Construction on Chandler’s first mosque has been languishing for years, and some neighbors say they’re tired of the dust, debris and the skeleton of a building.

When models of the Islamic Center of the East Valley showing a tower, a dome and gardens were made public in 2002, planners said they expected it to be finished within a year. But a financial crunch is causing the delays and post-9/11 fundraising has been more difficult than expected, said Arif Kazmi, former chairman of the Chandler Human Relations Commission and project director.

“There is a fear in some people that the mosque may take money and send it out of the country, to the Middle East or Africa,” Kazmi said.

Because the Islamic faith dictates they cannot borrow money for construction, work on the building is done only when donated funds are available, he said. Extra care is being taken to show contributors that money is going only to construction, he said.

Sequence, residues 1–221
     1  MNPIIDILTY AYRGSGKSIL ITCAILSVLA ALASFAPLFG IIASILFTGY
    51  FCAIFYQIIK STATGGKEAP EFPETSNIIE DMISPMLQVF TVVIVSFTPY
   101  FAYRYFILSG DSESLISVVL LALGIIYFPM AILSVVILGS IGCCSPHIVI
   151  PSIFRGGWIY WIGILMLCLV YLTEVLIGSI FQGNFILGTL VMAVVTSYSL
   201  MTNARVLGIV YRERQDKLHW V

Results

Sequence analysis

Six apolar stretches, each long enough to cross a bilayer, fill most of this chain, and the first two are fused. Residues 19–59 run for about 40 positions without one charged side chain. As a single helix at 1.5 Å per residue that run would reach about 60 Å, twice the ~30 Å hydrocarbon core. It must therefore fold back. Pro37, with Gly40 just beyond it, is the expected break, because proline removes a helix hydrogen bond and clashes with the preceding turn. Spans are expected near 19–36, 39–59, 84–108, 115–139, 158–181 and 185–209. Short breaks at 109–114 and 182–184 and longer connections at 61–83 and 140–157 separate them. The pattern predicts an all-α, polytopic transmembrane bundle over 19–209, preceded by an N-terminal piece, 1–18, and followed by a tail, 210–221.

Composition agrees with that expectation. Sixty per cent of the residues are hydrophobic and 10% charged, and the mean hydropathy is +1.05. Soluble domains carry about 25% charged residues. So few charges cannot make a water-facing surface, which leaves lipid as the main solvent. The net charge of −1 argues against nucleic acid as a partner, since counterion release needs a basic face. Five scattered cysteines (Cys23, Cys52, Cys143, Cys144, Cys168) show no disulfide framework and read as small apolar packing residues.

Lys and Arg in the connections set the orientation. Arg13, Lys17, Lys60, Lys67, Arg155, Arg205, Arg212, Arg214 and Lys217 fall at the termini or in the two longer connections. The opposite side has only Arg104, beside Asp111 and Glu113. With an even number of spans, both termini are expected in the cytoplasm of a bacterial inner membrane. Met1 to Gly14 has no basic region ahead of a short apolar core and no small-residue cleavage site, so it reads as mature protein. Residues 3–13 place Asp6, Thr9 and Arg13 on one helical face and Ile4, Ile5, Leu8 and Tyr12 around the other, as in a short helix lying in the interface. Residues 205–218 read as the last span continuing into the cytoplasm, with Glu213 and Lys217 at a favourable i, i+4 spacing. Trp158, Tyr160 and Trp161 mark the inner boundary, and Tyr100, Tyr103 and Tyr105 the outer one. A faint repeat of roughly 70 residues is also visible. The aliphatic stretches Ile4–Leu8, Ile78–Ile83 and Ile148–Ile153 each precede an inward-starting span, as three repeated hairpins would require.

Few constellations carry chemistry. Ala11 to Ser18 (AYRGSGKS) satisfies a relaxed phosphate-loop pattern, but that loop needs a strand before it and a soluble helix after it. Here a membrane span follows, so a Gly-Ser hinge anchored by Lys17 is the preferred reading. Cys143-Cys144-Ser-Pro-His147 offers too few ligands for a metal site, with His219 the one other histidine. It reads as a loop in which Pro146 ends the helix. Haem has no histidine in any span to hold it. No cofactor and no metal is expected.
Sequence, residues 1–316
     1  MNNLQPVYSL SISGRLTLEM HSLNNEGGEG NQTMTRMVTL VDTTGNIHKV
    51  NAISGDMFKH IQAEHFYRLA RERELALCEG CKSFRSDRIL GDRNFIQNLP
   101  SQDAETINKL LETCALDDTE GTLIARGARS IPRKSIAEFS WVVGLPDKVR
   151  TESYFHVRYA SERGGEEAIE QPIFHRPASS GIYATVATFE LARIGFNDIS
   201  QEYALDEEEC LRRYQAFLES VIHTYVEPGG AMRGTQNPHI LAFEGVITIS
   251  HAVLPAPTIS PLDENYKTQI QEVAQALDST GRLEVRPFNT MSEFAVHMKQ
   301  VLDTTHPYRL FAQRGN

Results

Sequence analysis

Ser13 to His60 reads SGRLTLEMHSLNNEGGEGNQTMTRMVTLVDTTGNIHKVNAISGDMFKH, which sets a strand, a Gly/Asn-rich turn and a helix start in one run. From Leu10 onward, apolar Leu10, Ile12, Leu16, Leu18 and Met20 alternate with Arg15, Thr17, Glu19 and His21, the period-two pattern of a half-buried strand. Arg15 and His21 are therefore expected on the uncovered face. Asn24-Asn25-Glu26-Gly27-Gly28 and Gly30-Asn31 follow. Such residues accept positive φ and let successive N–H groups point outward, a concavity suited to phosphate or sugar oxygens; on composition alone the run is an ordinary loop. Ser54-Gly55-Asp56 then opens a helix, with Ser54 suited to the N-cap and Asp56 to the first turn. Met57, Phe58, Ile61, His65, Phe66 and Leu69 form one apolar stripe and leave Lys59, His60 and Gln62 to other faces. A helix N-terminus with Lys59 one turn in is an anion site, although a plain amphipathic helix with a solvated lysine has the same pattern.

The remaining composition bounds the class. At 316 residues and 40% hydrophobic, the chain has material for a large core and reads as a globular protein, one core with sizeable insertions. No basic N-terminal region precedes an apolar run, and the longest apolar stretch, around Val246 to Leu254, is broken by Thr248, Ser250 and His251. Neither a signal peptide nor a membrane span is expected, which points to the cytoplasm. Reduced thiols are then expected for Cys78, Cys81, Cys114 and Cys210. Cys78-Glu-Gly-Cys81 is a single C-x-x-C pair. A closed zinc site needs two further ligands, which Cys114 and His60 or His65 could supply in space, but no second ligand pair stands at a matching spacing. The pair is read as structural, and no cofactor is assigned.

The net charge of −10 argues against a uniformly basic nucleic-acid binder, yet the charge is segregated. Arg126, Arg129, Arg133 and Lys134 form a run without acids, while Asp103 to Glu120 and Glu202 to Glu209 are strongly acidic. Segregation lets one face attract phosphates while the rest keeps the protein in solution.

City Planning Director Doug Ballard said the project has met all city building permit requirements.

“It’s unusual for construction to go on so long, but we’re trying to work with them because they’re not the only religious organization that ends up with financial difficulties,” he said.

In response to neighbors’ concerns, the City Council voted in 1996 to approve a use permit for the future mosque on the condition that it not have access to Pleasant Drive, a residential street east of the site.

Kazmi said because of that restriction, his group had to secure access to Alma School Road and sold two lots it owned on Pleasant Drive.

Barbara Knox, a Chandler resident since 1948, said she was among the neighbors who raised concerns during the mosque’s zoning permit hearings more than a decade ago.


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